Counting in Estonian

Language overview

Forty-two in Estonian Estonian (eesti keel) belongs to the Uralic family, in the Finno-Ugric group. Official language of Estonia, it counts about 1.1 million speakers.

Estonian numbers list

  • 1 – üks
  • 2 – kaks
  • 3 – kolm
  • 4 – neli
  • 5 – viis
  • 6 – kuus
  • 7 – seitse
  • 8 – kaheksa
  • 9 – üheksa
  • 10 – kümme
  • 11 – üksteist
  • 12 – kaksteist
  • 13 – kolmteist
  • 14 – neliteist
  • 15 – viisteist
  • 16 – kuusteist
  • 17 – seitseteist
  • 18 – kaheksateist
  • 19 – üheksateist
  • 20 – kakskümmend
  • 30 – kolmkümmend
  • 40 – nelikümmend
  • 50 – viiskümmend
  • 60 – kuuskümmend
  • 70 – seitsekümmend
  • 80 – kaheksakümmend
  • 90 – üheksakümmend
  • 100 – sada
  • 1,000 – tuhat
  • one million – miljon
  • one billion – miljard
  • one trillion – triljon

Estonian numbering rules

Now that you’ve had a gist of the most useful numbers, let’s move to the writing rules for the tens, the compound numbers, and why not the hundreds, the thousands and beyond (if possible).

  • Numbers from zero to ten are specific words: null [0], üks [1], kaks [2], kolm [3], neli [4], viis [5], kuus [6], seitse [7], kaheksa [8], üheksa [9], and kümme [10].
  • From eleven to nineteen, the numbers are formed from the matching digits, adding the suffix -teist at the end, which means from the second (ten): üksteist [11], kaksteist [12], kolmteist [13], neliteist [14], viisteist [15], kuusteist [16], seitseteist [17], kaheksateist [18], and üheksateist [19].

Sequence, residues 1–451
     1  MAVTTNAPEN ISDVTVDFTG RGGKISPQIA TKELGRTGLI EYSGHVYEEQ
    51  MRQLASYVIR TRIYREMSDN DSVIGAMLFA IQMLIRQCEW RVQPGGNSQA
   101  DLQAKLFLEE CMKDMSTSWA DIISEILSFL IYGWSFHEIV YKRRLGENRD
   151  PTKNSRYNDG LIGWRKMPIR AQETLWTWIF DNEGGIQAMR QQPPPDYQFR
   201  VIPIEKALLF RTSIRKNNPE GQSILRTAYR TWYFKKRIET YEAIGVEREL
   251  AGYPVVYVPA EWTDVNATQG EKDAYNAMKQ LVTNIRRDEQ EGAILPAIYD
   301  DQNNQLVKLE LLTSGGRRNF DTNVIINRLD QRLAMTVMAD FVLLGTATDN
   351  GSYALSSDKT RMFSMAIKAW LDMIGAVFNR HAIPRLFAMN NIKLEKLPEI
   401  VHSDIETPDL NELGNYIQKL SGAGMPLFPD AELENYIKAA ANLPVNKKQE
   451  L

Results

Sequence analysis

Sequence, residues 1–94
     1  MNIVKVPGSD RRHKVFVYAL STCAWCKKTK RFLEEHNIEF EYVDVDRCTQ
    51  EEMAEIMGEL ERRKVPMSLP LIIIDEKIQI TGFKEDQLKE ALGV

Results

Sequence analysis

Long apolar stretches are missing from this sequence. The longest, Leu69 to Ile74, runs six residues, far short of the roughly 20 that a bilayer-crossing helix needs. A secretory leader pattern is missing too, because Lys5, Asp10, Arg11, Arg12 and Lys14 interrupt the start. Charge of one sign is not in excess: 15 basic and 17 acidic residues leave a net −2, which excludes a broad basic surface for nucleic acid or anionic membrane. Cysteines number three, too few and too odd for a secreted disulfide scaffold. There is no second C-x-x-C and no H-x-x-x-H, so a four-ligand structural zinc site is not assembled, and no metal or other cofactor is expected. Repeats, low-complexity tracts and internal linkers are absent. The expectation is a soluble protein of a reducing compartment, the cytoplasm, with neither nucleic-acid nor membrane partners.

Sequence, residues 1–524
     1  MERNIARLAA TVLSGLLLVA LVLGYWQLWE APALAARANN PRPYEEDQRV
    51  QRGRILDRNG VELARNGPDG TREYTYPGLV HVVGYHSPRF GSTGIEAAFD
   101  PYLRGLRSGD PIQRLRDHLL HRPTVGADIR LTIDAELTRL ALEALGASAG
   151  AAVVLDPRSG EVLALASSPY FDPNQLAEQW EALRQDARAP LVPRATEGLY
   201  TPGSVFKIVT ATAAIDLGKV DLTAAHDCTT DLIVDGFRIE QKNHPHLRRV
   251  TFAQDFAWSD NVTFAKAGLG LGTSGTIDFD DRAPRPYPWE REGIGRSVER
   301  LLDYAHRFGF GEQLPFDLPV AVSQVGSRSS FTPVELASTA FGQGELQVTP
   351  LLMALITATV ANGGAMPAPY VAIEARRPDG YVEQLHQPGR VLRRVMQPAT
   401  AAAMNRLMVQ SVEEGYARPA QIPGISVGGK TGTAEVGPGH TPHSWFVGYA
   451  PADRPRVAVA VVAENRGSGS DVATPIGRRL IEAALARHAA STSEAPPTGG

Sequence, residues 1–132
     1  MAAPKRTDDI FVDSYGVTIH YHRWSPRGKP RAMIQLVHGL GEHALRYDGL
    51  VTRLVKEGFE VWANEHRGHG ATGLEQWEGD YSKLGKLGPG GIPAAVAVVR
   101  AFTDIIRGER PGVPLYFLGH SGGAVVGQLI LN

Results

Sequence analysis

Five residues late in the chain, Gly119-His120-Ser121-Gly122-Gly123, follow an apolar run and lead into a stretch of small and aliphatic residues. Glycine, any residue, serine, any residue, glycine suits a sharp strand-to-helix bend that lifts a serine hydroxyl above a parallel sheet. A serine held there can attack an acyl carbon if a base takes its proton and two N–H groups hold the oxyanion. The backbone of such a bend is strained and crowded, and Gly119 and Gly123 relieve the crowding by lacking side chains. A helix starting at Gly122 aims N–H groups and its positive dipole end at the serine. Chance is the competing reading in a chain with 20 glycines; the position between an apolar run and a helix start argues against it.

• The tens are formed by adding the -kümmend suffix at the end of the digits, with the obvious exception of ten: kümme [10], kakskümmend [20], kolmkümmend [30], nelikümmend [40], viiskümmend [50], kuuskümmend [60], seitsekümmend [70], kaheksakümmend [80], and üheksakümmend [90]. When composed with a digit, numbers from twenty-one to ninety-nine are formed by saying the ten, then the digit with a space (e.g.: kakskümmend kolm [23], kolmkümmend kaks [32]).
  • Hundreds are formed by setting the multiplier unit directly before the hundred word (sada), with the exception of one hundred itself: sada [100], kakssada [200], kolmsada [300], nelisada [400], viissada [500]…
  • Thousands are formed by setting the multiplier unit before the thousand word (tuhat), separated with a space, with the exception of one thousand itself: tuhat [1,000], kaks tuhat [2,000], kolm tuhat [3,000], neli tuhat [4,000], viis tuhat [5,000]…
  • The Estonian language uses the short scale for big numbers: miljon (106, million), miljard (109, billion), triljon (1012, trillion), kvadriljon (1015, quadrillion), kvintiljon (1018, quintillion), sekstiljon (1021, sextillion)…

Write a number in full in Estonian

Let’s move now to the practice of the numbering rules in Estonian. Will you guess how to write a number in full? Enter a number and try to write it down in your head, or maybe on a piece of paper, before displaying the result.

Books

Colloquial Estonian Colloquial Estonian
by , editors Routledge (2008)
[Amazon.com Amazon.com]

Estonian-English/English-Estonian: Dictionary & Phasebook Estonian-English/English-Estonian: Dictionary & Phasebook
by , editors Hippocrene Books (2002)
[Amazon.com Amazon.com]

L’estonien de poche L’estonien de poche
by , editors Assimil (2008)
[Amazon.com Amazon.com]

Parlons estonien, une langue de la Baltique Parlons estonien, une langue de la Baltique
by , editors L’Harmattan (1993)
[Amazon.com Amazon.com]

Finno-Ugrian languages

Erzya, Estonian, Finnish, Hungarian, Ingrian, Karelian, Kven, Livonian, Udmurt, Veps, and Votic.

Other supported languages

As the other currently supported languages are too numerous to list extensively here, please select a language from the full list of supported languages.